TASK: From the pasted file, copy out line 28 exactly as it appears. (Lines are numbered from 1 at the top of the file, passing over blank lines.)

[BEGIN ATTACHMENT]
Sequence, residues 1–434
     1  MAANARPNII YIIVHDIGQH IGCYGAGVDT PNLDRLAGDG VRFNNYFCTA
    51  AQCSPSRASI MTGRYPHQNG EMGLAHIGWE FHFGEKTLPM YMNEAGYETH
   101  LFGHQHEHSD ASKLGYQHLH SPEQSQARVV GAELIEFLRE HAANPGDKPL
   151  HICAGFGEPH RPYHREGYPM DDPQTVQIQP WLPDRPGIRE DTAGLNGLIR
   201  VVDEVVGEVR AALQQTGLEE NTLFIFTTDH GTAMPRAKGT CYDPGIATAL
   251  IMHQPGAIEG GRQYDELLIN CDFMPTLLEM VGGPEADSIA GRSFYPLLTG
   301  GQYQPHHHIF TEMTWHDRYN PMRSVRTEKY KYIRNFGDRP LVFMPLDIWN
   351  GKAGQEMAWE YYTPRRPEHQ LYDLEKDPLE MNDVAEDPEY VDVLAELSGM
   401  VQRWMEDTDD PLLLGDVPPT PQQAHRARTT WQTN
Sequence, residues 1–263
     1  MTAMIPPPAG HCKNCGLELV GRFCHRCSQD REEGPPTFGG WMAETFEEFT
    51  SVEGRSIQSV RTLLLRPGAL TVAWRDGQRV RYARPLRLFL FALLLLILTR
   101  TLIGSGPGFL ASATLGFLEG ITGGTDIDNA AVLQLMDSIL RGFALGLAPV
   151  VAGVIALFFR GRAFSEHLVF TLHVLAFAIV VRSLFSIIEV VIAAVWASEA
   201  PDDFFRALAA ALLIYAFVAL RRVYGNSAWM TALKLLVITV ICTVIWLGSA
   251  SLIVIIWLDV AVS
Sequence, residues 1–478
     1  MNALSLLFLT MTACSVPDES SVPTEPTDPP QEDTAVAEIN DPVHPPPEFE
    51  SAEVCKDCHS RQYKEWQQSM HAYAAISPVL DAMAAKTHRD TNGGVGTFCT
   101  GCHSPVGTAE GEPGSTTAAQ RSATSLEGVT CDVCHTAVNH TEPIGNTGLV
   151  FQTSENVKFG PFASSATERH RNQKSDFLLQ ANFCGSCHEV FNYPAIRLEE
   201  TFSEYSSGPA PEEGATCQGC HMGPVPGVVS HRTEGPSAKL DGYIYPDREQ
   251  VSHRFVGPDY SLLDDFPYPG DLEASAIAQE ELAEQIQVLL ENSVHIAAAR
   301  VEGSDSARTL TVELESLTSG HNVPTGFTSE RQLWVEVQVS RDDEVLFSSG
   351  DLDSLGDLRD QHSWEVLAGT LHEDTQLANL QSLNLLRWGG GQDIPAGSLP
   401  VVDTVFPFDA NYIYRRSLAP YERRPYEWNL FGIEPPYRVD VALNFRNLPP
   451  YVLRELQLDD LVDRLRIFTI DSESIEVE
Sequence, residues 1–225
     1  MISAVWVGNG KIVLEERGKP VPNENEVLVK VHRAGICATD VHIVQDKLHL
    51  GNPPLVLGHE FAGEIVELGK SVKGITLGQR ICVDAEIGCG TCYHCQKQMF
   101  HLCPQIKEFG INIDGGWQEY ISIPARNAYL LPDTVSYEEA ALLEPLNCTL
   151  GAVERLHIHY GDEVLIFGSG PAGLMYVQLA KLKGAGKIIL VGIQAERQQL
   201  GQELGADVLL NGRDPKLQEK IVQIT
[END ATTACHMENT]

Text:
   451  YVLRELQLDD LVDRLRIFTI DSESIEVE